SAMBUCA, Italy – Tempted by the deal offering homes for just over $1 in the town of Sambuca on Italy’s island of Sicily?
You and everyone else.
SinceCNN Travel broke the news about the €1 ($1.14) offer aimed at revitalizing a beautiful but depopulated community, there’s been a stampede to buy.
Within 48 hours of the story going live, the town has been inundated with tens of thousands of inquiries from people hoping to grab their piece of the rural Italian dream.
Giuseppe Cacioppo, the town’s deputy mayor, says he’s excited by the level of interest, but is freaking out.
“This is great, I’m flabbergasted by the response,” he says. “I haven’t come up for air since the story appeared.
“It’s just been a few days, and I’m already under stress. The €1 houses email inbox is full, so people have been calling me on my mobile. It hasn’t stopped ringing. I have received something like a thousand phone calls, I hope not to go nuts.”
The deputy mayor says the constant phone calls mean he hasn’t been able to sleep. He’s struggling to juggle his institutional role, private job and this new unexpected PR gig.
As of Friday, the town had received 38,000 emails about its deal, which requires buyers to promise to spend up to $17,200 to renovate their new Sicilian homes.
“The whole world has got in touch,” Cacioppo adds. “Callers are from Europe, mainly Spain, Russia, and as far as South Africa, Australia, USA, the Arab Emirates.”
And it’s not just individuals and tourists lured by a dream house in sunny Sicily.
“A team of US lawyers, working for an American company interested in doing real estate business in Sambuca, wants to meet up with us,” says Cacioppo.
“A businessman from New York just called me, saying he’s flying to Sicily tonight.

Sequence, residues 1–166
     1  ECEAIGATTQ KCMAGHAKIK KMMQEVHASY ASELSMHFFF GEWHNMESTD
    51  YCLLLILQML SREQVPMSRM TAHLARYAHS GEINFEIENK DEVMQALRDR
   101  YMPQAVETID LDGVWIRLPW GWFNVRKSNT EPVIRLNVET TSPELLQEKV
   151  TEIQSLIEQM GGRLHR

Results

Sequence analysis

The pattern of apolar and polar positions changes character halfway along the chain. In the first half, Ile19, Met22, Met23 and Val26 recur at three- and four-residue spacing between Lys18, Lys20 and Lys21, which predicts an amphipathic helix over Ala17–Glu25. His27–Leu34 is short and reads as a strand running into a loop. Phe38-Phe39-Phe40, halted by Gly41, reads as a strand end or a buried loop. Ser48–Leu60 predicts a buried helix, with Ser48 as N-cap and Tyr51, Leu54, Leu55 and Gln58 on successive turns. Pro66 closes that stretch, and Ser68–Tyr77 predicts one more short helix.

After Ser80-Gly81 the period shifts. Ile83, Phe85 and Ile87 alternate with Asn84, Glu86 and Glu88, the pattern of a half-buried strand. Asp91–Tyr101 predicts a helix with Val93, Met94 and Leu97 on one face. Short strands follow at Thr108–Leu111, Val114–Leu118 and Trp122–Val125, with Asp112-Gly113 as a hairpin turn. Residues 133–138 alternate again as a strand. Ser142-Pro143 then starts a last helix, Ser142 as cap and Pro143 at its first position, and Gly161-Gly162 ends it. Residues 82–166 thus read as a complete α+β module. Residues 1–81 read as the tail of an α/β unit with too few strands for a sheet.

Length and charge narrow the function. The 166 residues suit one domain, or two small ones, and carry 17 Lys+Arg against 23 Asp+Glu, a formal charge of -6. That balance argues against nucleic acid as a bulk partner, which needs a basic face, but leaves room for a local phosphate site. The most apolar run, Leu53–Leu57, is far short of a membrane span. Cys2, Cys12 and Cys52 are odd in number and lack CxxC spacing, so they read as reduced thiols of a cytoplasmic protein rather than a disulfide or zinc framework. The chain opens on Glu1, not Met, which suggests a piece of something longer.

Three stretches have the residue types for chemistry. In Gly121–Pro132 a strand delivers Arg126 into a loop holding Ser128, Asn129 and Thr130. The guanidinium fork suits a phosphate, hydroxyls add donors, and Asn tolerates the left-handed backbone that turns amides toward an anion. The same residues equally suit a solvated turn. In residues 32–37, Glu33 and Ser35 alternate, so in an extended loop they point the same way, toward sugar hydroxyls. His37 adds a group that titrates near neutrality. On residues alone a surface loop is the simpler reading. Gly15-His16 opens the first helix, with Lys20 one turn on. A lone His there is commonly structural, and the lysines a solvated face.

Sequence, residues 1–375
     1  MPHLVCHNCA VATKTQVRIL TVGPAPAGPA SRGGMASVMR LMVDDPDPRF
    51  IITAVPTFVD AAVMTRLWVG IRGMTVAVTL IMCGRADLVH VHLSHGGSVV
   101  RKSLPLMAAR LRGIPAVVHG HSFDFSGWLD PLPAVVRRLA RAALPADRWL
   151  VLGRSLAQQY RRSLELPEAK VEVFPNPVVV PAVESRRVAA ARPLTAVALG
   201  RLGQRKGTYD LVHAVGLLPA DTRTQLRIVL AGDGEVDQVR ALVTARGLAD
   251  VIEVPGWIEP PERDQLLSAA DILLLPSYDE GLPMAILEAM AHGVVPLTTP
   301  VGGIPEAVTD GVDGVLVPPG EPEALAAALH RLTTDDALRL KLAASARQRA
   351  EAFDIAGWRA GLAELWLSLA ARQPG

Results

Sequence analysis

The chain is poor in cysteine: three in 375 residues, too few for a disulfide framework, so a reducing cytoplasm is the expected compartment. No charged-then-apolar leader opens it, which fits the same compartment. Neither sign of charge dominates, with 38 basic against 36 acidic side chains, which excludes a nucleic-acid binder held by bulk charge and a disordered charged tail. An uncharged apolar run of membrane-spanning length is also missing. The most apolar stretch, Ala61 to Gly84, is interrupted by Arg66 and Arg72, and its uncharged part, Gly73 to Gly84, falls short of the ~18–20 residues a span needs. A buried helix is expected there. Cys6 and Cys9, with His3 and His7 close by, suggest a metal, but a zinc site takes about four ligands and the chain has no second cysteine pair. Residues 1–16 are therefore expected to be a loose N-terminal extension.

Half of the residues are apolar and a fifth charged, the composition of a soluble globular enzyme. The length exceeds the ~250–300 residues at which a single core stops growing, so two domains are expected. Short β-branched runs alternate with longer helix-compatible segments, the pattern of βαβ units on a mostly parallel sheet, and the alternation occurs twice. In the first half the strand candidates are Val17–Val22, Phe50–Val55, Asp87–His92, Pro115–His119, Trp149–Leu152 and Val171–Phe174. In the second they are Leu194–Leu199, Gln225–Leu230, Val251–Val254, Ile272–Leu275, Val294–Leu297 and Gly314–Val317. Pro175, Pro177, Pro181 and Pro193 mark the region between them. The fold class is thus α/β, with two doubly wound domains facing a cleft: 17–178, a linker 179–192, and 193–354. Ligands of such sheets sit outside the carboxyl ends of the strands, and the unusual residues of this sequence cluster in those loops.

“And a very rich lady called from Dubai. She wouldn’t say her name or who she works for, but wants the whole package. She wants to buy all the dozens of €1 houses on sale.”
Cacioppo says he’s delighted the article has triggered such global interest but won’t be able to satisfy all incoming requests.
Language barriers are making it all the more harder.
“That story has killed me,” he jokes. “My English is OK — not great — but with other languages I must admit I have a hard time understanding what I’m being asked.
“It’s not easy talking to people on the other side of the world over the phone.”
Cacioppo says newspapers and TV outlets have gotten in touch with him, including Italy’s state broadcaster, RAI, which had no idea of the initiative until CNN reported it. The Italian network now plans to run a special coverage on Sambuca.
Susanne Heinson, a German woman who has already bought a home in Sambuca and was quoted in CNN’s original article about what makes it such a “great, perfect place to live in,” says she’s been tracked online by interested buyers and national German media.
“People get in touch to have more info about the location, what Sambuca is like, how’s the lifestyle there,” she says. “Many ask me to liaise with the town authorities and put them through to Cacioppo. Now I’m just worried Sambuca will stop being a niche place and that flocks of foreigners will arrive.”
Many interested buyers have also targeted CNN’s reporter via social media out of desperation to get a slice of the Sambuca action.
One woman from the United States implored: “Please, can you forward me the phone number of Cacioppo? I need to buy a house in Sambuca. I need to buy it NOW!”
City of Splendor
Ther is a catch to the jaw-dropping officer, however. The new owners must commit to refurbish their choice of the crumbling 40- to 150-square meter dwellings within three years, at a cost starting from €15,000 (about $17,200).
They’ll also need to cough up a €5,000 security deposit that will be returned once the restyle is complete.
Buyers won’t be disappointed, says Cacioppo.
“Sambuca is known as the City of Splendor,” he adds. “This fertile patch of land is dubbed the Earthly Paradise. We’re located inside a natural reserve, packed with history. Gorgeous beaches, woods and mountains surround us. It’s silent and peaceful, an idyllic retreat for a detox stay.”
With the population dwindling, Cacioppo says the town needs outsiders to prevent it falling into ruin.
“We can’t afford to lose our lovely Arab heritage. Luckily, foreigners are lending a hand in this rescue crusade.”